KFWB Presents…Ursula Cheshire

Hollywood AM radio station KFWB featured Ursula on its program in February 1927

Hollywood AM radio station KFWB featured Ursula on its program in February 1927

After Ursula’s turn in the play The Sin of David in May 1926, and her divorce decree three months later, the next mention of her found in my online research appeared in the January 29, 1927 publication of Radio Doings, the “Red Book of Radio.” A weekly guide to programming for the Pacific Coast, Radio Doings ran feature articles, news briefs, ads, Q&A, “DX Club” (association of radio hobbyists) correspondence, a “Woman’s Page,” broadcast timetables, and detailed programs.

Radio Doings ad

1927 ad in “Radio Doings,” a weekly guide to programming for the Pacific Coast

The programming page for KFWB, an AM radio station out of Hollywood, California, announced that Ursula Cheshire would be featured on Friday, February 4 from 9 to 10 am, along with Merrill Oslin and the Warner Bros. String Trio.

Launched in 1925 by Sam Warner, KFWB was owned by the Warner Bros. Motion Picture Studios. The radio station, which operated with 500 watts of power, still exists, now as an all-sports station known as The Beast 980 and running with 5,000 watts.

I assume Ursula sang on the program, but have no record of what. I believe her co-guest was the same Merrill Oslin who was an ensemble cast member in the 1929-1930 Broadway musical comedy Sons O’ Guns, which played at the Imperial Theatre in midtown-Manhattan (where Les Miserables is currently showing). And, perhaps the musicians in the Warner Bros. String trio were some of those who performed in the “Vitaphone” shorts that the movie studio produced to promote “talking pictures.” (Vitaphone was a sound film system used for films from 1926 to 1931.)

The Jazz Singer souvenir program

1927 souvenir program cover for “The Jazz Singer,” starring Al Jolson

Here’s some historical context for you: The world’s first “talkie” (synchronized-sound feature film), The Jazz Singer (starring Al Jolson), was released in 1927—the same year Los Angeles listeners heard Ursula’s beautiful singing voice resounding through their radio speakers.

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New Drama for Ursula Back in the States

Ursula Cheshire

Ursula in costume for “The Sin of David,” a play by Stephen Phillips (Los Angeles 1926)

As befitting a young woman whose life had thus far largely centered on the theater, Ursula experienced plenty of personal drama in the space of just over one year. Between May 1924 and mid-June 1925, she graduated from the University of California at Berkeley; studied at a castle in France with famous opera star Emma Calvé; toured parts of Europe with her fellow students; began an Italian romance, got engaged and married; separated from her new husband; and returned to California with her mother.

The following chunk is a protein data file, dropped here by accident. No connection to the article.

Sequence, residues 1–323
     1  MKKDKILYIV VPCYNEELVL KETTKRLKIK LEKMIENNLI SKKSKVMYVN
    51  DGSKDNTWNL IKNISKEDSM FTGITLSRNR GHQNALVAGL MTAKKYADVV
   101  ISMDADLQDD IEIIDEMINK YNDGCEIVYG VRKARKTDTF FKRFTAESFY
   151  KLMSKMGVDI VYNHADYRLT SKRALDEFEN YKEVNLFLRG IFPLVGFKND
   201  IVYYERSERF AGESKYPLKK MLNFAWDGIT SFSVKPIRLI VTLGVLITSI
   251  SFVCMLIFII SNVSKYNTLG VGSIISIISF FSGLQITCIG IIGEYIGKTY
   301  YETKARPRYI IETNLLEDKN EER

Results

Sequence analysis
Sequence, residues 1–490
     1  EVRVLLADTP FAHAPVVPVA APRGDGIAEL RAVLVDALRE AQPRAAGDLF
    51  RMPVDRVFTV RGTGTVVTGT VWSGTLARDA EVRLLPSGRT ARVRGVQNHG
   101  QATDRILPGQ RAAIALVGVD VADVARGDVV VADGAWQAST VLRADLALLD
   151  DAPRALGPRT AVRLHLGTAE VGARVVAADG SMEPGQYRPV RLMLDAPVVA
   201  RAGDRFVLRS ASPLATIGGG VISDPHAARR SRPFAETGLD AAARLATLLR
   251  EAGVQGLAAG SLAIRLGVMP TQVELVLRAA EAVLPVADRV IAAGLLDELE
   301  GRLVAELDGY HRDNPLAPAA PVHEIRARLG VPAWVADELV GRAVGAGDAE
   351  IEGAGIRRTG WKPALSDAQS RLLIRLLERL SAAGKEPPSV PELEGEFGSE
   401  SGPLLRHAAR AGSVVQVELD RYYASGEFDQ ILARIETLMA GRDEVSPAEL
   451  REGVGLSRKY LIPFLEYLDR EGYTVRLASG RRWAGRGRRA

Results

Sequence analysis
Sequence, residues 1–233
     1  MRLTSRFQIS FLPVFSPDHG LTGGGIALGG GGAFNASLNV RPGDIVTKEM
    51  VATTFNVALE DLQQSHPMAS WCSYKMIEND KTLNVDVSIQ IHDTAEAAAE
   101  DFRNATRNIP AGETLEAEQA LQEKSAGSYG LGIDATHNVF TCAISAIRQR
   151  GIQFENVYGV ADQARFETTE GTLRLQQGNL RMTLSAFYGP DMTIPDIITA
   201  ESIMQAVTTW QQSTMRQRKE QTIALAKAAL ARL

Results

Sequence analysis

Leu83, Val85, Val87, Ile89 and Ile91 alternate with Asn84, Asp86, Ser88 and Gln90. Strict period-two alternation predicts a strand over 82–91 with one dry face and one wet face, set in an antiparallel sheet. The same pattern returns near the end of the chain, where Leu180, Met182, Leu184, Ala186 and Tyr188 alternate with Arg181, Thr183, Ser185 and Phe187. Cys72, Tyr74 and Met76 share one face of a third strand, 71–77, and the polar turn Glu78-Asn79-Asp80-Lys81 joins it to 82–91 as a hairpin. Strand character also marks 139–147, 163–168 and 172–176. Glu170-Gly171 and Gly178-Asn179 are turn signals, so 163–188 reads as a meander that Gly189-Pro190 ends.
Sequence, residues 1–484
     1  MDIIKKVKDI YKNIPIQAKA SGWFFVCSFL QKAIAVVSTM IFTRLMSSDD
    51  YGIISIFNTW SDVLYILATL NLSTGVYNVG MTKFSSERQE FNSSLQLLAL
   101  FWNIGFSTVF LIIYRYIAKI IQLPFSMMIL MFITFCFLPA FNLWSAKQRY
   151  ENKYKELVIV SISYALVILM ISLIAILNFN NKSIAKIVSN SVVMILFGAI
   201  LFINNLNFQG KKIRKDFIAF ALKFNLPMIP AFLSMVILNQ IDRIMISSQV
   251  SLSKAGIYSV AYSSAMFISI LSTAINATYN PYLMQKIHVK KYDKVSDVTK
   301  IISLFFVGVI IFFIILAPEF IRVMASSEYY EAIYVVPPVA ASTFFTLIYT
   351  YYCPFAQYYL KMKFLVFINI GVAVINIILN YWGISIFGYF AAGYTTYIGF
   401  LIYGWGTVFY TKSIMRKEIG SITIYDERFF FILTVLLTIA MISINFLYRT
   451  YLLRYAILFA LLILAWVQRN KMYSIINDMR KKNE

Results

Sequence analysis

In the year between her homecoming (June 1925) and the issuance of her divorce decree (August 1926), Ursula returned to her steadfast love: the theater.

Gamut Club

1926 photo of the Gamut Club (Los Angeles), where Ursula acted in “The Sin of David.”

Both Ursula and her mother acted in the United States premiere of The Sin of David, a play by Stephen Phillips, who was the author of “Nero,” the college production in which Ursula danced and played the poisoner Locusta. Produced by Ursula’s esteemed childhood Shakespeare teacher Florence A. Dobinson, the play opened on May 17, 1926 at Los Angeles’s Gamut Club, a men’s musical and arts society.

Ursula Cheshire

Ursula in costume for “The Sin of David”; photo taken on Browning Blvd, Los Angeles, 1926

Set in the seventeenth century during the English civil war between Charles I. and the Parliament, The Sin of David is based on the Biblical story of King David and Bathsheba. (In a nutshell: From his rooftop, David spies on Bathsheba bathing, summons her, has sex with and impregnates her [his “sin”], and sends her husband to his death. David and Bathsheba marry; their son dies in infancy. They conceive a second son, Solomon, who eventually succeeds David as King of Israel.)

I don’t know whom Ursula played in Sin of David. The principal female character strums a mandolin towards the beginning of the drama, but even though Ursula was photographed in costume holding some sort of mandolin (in the outdoor photo), she did not play the lead role (Miss Mary Isabelle Alpaugh had that honor).

While L.A. Times drama critic Edwin Schallert offered a less-than-stellar review of the play, he did note that the actors included “the youngster Ursula Cheshire, whom the audience enjoyed exceedingly.” Go, Ursula!

The Sin of David play review

“L.A. TImes” review of “The Sin of David,” May 19, 1926

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